Stoops to conquer
Young peregrine falcons must practice diving for a kill.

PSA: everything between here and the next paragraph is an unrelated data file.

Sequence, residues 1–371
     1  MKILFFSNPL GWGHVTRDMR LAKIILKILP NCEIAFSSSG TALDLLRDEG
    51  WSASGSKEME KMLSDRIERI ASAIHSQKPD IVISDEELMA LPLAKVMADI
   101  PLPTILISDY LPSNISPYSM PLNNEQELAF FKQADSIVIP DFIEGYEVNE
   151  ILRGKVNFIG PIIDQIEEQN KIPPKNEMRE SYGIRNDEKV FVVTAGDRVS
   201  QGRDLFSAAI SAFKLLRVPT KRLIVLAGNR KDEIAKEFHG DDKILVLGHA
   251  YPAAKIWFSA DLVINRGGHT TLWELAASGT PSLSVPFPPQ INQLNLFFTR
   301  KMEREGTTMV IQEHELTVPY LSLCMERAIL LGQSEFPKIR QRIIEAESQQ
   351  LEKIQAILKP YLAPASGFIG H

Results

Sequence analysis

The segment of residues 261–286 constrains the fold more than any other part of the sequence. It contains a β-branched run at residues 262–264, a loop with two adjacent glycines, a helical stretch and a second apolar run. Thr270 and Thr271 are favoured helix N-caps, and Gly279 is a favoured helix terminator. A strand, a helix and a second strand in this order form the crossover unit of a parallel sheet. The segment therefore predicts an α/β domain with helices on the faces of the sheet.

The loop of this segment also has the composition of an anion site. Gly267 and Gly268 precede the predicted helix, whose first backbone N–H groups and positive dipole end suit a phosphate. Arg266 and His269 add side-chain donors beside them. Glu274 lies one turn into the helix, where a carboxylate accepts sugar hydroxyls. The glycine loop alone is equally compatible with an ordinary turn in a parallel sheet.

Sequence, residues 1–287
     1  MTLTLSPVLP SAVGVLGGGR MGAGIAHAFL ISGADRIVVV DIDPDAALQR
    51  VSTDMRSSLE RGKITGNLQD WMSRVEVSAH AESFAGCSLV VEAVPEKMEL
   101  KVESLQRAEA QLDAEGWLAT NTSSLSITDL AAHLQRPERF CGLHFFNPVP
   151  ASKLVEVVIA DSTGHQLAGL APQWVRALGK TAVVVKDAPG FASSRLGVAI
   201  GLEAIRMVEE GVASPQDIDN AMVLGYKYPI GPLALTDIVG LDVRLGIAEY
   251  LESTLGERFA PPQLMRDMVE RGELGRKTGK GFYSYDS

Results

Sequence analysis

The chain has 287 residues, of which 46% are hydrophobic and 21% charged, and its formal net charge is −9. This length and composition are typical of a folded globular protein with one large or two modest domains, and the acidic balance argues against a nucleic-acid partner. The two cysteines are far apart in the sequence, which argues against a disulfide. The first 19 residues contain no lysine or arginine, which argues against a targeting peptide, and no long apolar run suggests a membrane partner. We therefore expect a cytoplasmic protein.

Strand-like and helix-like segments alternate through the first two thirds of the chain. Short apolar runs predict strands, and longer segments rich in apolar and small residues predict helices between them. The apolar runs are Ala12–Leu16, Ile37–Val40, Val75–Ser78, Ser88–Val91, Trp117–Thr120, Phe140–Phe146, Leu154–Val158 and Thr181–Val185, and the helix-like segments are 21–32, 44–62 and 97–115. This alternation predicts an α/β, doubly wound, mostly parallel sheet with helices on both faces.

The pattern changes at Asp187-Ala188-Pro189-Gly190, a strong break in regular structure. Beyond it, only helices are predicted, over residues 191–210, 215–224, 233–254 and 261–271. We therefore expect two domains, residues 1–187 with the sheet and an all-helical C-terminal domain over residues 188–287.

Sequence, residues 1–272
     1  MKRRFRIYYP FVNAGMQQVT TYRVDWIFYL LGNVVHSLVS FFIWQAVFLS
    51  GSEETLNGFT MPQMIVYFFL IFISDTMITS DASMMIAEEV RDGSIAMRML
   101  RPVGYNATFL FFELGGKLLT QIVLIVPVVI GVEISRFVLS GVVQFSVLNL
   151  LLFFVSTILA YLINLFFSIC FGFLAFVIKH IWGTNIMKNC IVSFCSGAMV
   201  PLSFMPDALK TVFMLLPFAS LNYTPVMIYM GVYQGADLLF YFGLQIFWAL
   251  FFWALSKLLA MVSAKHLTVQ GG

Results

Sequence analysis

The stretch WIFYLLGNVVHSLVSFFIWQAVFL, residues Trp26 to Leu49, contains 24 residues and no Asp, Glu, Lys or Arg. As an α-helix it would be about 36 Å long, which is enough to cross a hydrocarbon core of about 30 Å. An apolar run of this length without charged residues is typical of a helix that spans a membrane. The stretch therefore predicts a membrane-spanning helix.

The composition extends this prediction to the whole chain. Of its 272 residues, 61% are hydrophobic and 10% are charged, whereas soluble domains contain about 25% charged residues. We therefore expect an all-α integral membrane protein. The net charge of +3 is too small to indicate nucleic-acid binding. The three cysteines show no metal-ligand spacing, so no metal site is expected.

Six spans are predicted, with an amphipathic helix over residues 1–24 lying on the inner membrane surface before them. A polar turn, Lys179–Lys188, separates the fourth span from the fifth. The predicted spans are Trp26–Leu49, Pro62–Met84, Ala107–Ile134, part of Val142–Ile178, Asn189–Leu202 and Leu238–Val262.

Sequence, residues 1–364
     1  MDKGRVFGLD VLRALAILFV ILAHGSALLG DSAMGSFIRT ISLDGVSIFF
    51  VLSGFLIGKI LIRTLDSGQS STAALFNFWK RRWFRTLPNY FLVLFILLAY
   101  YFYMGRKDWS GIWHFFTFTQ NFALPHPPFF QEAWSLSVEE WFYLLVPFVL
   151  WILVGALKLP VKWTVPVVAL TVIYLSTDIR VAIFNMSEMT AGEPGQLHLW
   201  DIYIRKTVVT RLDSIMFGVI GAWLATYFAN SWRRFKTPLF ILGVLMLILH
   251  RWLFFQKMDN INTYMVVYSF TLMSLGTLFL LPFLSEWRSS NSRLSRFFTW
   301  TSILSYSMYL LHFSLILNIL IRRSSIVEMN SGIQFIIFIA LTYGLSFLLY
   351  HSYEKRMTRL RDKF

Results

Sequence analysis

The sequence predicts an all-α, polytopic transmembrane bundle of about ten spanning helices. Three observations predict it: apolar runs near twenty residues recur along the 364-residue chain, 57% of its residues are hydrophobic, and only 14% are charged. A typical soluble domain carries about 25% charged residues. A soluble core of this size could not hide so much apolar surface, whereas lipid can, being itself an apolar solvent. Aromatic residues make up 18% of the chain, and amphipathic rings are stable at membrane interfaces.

The coast of Cornwall is the territory of one of the most highly-specialised of hunting birds - the peregrine falcon - and pigeons are one of its favourite prey. The peregrine falcon watches the fast-flying pigeons from high in the sky. Wings drawn back, it dives at the pigeon, reaching speeds of 200 miles an hour. A hit with the talons at this speed kills the pigeon instantly. The peregrine returns to its nest to feed its two chicks. It must kill several times a day to feed them adequately. After five weeks the chicks are fully fledged and ready for their first flight. They start with experimental outings, getting used to the air in their wings. Ten days later they are confident enough to chase a seagull but a high-speed pounce takes a lot of learning as it means throwing the legs forward with talons outstretched. A sibling's tail makes good target practice. They perfect the roll that starts a dive and the pumping of the wings that generates incredible speed. Like so much play, it is all useful for later life. In an advanced lesson, an adult carries a wounded pigeon and drops it in mid-air for the youngster to catch. It is the youngster's first kill. In a month the young peregrine will be the swiftest of all the world's hunters.